Meanwhile, in India, Rajiv Gandhi became prime minister after his mother, Indira Gandhi, was assassinated in 1984. Indira, like her father, Jawaharlal Nehru, pretended to be neutral—“non-aligned” was the term of art in those days—between the U.S. and the Soviet Union during the Cold War. In reality, she tilted toward Russia (partly because America tilted toward Pakistan, India’s mortal enemy). Rajiv, however, a British-educated, urbane commercial pilot, became determined to create a new modern India with close ties to the West, especially the U.S.
So he went on a charm offensive to court America. Reagan responded in kind, rolling out the red carpet during a state visit by Rajiv. No doubt the Reagan administration conveyed to the young prime minister the utmost priority that America placed on controlling the drug epidemic that was allegedly frying the brains of America’s youth. (Remember Nancy Reagan’s “Just Say No” campaign and the public service “your brain on drugs” ad?)
Shortly after that visit, Rajiv succumbed and passed the 1985 Narcotic Drugs and Psychotropic Substances (NDPS) Act, a sweeping and vague law that transformed India overnight from a country that had no law regarding narcotics to one sporting one of the harshest in the world. The statute’s worst feature is that it effectively overturns the presumption of innocence, requiring those accused to prove their innocence rather than the state to prove their guilt. This is one reason why bail, which Aryan was repeatedly denied, is so hard to obtain under this law: The judge has little discretion, despite the facts of the case, without the assent of law enforcement.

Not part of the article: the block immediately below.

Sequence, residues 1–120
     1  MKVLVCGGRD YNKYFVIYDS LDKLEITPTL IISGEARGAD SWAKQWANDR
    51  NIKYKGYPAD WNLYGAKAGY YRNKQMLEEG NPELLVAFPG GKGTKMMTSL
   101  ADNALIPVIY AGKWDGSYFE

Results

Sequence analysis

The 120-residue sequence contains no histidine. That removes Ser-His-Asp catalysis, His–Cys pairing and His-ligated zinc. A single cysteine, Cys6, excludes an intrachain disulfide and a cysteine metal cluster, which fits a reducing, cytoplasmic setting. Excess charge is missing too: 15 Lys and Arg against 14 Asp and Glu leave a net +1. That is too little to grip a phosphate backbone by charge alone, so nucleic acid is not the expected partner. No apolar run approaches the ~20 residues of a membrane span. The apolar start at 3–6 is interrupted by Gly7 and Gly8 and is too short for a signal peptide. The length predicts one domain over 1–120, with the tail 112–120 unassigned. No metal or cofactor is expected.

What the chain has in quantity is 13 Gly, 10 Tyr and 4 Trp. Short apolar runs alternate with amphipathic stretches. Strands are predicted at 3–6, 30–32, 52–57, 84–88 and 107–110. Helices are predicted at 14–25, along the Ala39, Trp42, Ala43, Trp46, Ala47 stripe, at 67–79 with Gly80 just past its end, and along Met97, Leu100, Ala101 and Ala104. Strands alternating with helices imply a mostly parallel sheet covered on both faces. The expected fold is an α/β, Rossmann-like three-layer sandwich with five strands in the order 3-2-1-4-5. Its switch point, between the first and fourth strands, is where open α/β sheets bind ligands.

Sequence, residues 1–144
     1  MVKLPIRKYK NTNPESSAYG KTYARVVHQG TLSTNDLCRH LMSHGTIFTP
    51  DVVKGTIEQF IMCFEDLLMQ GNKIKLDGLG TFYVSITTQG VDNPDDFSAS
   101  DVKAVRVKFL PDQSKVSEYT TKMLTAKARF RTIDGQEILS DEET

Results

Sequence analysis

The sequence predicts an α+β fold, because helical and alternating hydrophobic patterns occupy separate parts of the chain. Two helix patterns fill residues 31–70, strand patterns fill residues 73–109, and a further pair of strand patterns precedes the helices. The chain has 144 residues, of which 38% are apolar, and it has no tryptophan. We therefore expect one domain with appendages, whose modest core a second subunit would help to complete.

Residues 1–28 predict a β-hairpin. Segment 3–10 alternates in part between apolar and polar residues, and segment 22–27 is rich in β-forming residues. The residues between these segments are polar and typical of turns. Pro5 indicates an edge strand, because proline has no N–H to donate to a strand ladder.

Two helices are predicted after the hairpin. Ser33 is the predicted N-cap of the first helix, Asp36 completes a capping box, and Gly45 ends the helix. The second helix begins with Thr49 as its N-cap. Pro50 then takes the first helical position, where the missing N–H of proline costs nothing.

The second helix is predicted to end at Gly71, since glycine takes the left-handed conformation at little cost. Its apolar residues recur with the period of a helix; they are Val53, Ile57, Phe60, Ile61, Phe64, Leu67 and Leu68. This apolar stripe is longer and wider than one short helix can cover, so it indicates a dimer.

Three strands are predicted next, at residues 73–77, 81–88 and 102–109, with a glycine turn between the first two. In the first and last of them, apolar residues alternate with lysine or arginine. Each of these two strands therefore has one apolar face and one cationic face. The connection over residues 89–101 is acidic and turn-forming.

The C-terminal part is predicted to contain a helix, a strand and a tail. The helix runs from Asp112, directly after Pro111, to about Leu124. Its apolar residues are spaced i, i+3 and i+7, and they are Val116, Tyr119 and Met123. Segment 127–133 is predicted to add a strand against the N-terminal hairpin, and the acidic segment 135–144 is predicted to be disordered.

Indeed, a law that overturns such an elementary feature of criminal justice would have had a very hard time passing constitutional muster in America, not that the U.S. has been any slouch in coming up with creative ways of eviscerating civil liberties to prosecute this war. But India’s constitutional guardrails, in place for less than 40 years then, weren’t strong enough to withstand American pressure and the desire of its own power-hungry rulers to control the citizenry.
Here is how Gupta describes this law: